Salomon is forging a path into uncharted-for-them terrain with their new, highly cushioned trail shoe, the Salomon Ultra Glide ($140).
It is, from my perspective, on the relatively trim feeling end of the spectrum of maximum-cushion shoes compared to some options on the market. But if your memory and running history are long, the Ultra Glide just may evoke a whisper of the long-gone Pearl Izumi Trail N3.
Historical references aside, this shoe aptly fills the gap in Salomon’s trail shoe lineup for a true, cushioned, all-day-long option suitable for everything from recovery runs to non-technical 100 milers alike. And rest assured, the designers have avoided the pit of boggy, inefficient despair that is at times felt in the world of maximally cushioned shoes.
With a stack height of 38.2 millimeters at the heel and 32.2 millimeters at the forefoot, it’s comparable to other shoes in this category, and the 6-millimeter drop is also quite common. The Ultra Glide is relatively svelte, with an actual weight of 9.7 ounces (274 grams) for a men’s size 9.
How does this translate to function? Once I’m running in these shoes, I don’t find myself to be overly aware of the stack height or the weight. I need a small heel lift to get closer to 8 or 9 millimeters of drop in order to keep my posterior chain happy, but the Ultra Glide is really good at just facilitating the responsive, cushioned cruise.
All in all, it’s an excellent option if you’re looking for the familiar Salomon technology and fit, but with a more cushioned and protected ride. The cost is very respectable and even less costly than the competition.
Size note: I ordered my standard Salomon size, and it fits perfectly. Some runners are finding the shoe to run a half size long, but if you don’t have the opportunity to try before you buy, my personal recommendation is to start with your usual Salomon size. The Ultra Glide comes in various colorways in both the women’s and men’s fits.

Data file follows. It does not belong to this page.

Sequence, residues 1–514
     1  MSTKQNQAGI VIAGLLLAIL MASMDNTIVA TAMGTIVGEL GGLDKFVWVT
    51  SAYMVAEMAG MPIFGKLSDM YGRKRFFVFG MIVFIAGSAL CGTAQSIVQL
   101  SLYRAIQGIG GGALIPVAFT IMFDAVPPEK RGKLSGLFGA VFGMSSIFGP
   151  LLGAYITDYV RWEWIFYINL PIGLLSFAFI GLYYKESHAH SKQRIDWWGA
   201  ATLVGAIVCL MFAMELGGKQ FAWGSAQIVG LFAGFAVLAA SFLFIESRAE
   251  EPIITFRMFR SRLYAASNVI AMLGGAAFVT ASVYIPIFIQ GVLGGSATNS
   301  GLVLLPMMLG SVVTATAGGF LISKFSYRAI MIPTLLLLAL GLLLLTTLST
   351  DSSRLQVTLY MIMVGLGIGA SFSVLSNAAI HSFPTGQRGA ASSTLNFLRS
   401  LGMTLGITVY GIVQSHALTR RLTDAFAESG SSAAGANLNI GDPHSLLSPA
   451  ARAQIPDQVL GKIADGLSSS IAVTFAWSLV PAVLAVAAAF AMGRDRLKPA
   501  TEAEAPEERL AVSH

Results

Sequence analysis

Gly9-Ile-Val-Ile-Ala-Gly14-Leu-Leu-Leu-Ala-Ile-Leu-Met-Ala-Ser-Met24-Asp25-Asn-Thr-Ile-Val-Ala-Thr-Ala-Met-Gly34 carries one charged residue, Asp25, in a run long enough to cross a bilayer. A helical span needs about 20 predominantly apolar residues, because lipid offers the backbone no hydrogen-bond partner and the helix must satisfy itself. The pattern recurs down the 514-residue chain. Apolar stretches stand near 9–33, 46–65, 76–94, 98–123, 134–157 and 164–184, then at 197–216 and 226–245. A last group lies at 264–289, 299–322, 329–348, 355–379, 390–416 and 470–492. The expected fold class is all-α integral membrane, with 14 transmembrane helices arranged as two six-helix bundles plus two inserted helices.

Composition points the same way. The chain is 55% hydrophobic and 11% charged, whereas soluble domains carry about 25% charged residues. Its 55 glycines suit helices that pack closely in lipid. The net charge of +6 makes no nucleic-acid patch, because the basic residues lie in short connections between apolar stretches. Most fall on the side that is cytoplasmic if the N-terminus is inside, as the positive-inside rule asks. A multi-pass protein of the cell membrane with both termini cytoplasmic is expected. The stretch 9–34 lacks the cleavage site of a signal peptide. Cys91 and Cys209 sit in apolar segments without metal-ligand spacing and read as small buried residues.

The iRunFar team loves this shoe enough that we named it one of the top shoes in our best cushioned trail running shoes guide.
Salomon Ultra Glide Upper
Salomon categorizes the Salomon Ultra Glide as standard width, and comparable to the Salomon Speedcross 5 — check our review of the Salomon Speedcross 5 — and the Salomon Sense Ride 4 — here’s our Salomon Sense Ride 4 review. While the width may be similar in the specifications, the Ultra Glide feels wider and much more accommodating to my foot with more toebox volume than the Sense Ride 4 and less of the snug, soccer-boot feeling of the Speedcross 5.
There is room for changes in foot size over the course of a long, hot ultra with the Ultra Glide thanks to the lightweight, stretchy upper mesh. The breathability and moisture management have been more than adequate on the winter and early spring days we’ve had.
But, I imagine it could retain a bit more heat and water on a hot summer day than something like the Sense Ride 4 due to the support and protection provided by the welded overlays encircling the entire lower third of the upper.
But thus far, I appreciate this overlay with the snowmelt and puddles, as it is effective at keeping the water from splashy footsteps from seeping in — no danger of hot feet here currently.
Salomon has long had my favorite lacing method with its Quicklace system, and coupled with the subtle SensiFit wings, my foot feels snug and secure through the midfoot on most non-technical terrain. With wonky rocks or side-hilling, I do tend to feel like my foot is sliding off the platform a bit.
I believe it’s mostly the influence of stack height, but perhaps the support through the upper could be enhanced. This does keep the shoe firmly in the non-technical, mild-terrain performance realm for me.
The gusseted tongue is significantly padded like the Speedcross 5 and is just the right length to protect the top of the foot from any lacing pressure without impacting my ankle tendons. The usual lacing garage is present at the upper tongue, but it’s not convenient for me, so I just route the lacing tail through the distal laces for simplicity. Some runners have noted that the upper metal eyelets create pressure points, but I did not have any such issues.
The toe bumper and extension of the sole over the mid-toe provide excellent protection from any rocks, roots, or other objects I find to catch my toe on, and cactus spines are warded off well by the overlays. My ankle bones and Achilles appreciate the amount of plush padding along the ankle collar and notch.
And nothing is too tall or obtrusive even with the mobility required for occasional rocky terrain. The heel counter provides appropriate stiffness to support the calcaneus well but is flexible enough to be very comfortable over longer miles.
The one bit of low-hanging fruit I wish Salomon would quickly address to really enhance this shoe is the style of OrthoLite insole chosen. I really miss the more substantial molded OrthoLite insole used in the Speedcross line. It is a bit burlier, but you can feel the support through the arch and heel cup.